cake pics

When I took the lid off of the cake at work, a lot of the icing—and even some of the cake—came with it. I had one of those moments when you simply stare at the situation before you for longer than you should because you have no idea what you should do. I had brought the icing pen with me in case I needed to touch up the writing on the cake, but I didn’t have the white icing with me. And a “touch-up” wasn’t exactly the only thing needed. I did my best to rewrite the wording that had left its home, but it didn’t look good at all. I decided to write a short note to put with the cake that said, “There was a situation. This cake is still edible and probably delicious.” so that people would know they didn’t need to avoid this particular dessert.

But the note didn’t help—I’m pretty sure only two people tried it, and it was probably out of pity.

The thing is, though, the cake probably did still taste pretty delicious. It was straight from a box, and I followed all of the directions. Plus, I tried a little of it later and thought it was a tasty cake. But people weren’t willing to give it a chance because it wasn’t as pretty as all of the other desserts next to it. It was messy and looked like it had been through quite a lot—kind of like many of us.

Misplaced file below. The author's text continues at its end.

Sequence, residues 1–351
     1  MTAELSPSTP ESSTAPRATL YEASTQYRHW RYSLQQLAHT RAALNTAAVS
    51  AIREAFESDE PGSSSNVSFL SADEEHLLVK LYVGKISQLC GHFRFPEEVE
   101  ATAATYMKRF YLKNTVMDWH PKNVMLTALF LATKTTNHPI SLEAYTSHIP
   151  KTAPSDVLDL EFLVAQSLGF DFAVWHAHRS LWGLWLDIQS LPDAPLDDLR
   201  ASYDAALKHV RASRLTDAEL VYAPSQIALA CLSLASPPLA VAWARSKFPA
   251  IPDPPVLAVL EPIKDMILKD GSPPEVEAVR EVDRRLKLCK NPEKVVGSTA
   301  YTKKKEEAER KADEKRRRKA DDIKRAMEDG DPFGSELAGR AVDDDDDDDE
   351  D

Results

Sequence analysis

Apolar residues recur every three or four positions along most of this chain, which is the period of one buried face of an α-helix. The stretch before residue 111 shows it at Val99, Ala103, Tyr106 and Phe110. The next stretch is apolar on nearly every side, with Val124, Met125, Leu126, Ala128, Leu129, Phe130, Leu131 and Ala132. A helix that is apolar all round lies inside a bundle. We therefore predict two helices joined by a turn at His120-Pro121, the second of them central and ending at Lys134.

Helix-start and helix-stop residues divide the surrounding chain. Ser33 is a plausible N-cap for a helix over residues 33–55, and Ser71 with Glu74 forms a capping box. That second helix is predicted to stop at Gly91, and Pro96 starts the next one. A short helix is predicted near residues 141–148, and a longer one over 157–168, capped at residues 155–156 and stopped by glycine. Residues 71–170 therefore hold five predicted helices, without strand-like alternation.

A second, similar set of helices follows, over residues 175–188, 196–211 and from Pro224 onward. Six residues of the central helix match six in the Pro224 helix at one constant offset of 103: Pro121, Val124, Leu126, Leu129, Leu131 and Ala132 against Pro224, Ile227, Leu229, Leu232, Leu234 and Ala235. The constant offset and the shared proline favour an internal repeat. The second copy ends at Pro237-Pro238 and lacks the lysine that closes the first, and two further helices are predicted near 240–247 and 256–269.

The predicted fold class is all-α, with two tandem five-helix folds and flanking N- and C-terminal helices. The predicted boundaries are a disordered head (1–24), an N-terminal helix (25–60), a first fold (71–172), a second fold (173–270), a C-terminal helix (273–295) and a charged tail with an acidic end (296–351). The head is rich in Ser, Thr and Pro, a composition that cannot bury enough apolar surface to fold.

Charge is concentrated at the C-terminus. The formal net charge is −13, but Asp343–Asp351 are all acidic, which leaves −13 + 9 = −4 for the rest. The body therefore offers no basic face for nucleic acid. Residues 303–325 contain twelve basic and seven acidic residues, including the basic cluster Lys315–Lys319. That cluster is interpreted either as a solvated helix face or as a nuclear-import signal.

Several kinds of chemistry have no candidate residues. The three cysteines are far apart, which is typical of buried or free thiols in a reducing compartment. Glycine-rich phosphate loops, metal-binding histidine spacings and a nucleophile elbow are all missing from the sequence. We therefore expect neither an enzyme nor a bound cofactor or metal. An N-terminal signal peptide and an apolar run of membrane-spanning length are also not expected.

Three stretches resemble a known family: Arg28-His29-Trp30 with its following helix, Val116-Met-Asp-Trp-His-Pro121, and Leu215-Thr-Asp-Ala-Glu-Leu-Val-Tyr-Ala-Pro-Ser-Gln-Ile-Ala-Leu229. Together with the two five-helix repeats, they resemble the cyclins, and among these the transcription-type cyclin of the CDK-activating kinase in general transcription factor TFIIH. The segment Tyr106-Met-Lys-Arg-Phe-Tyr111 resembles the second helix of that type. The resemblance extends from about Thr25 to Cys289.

I think sometimes we forget to factor in the experiences people have gone through and too quickly come to our own conclusions about them. We assume that because of the way things appear in their lives that we shouldn’t have anything to do with them. But aren’t we all like cakes with smudged icing in a way? Don’t we all have our own issues and messes and histories and stories—those ones that make us who we are and have shaped us into the people we are today? Don’t we need those things in our past that have led us to where we are today? Life isn’t always pretty, and there will be times when things in our own lives look like complete disasters.

So why should we treat others like the passed-up cakes that we never want to be?

Cakes are made to be eaten. People are made to love and be loved. Sometimes life is going to be pretty, and other times it will be downright ugly. We can’t expect every single person in our lives to be a perfectly iced and pristine cake—because sometimes reality happens, and people don’t always think about the lid ruining the icing. But it’s important that we don’t push people out of our lives simply because they have messes or because we have messes. People need help through messes. People need love through messes. People need each other through messes.

And people need cake—even if it’s a mess.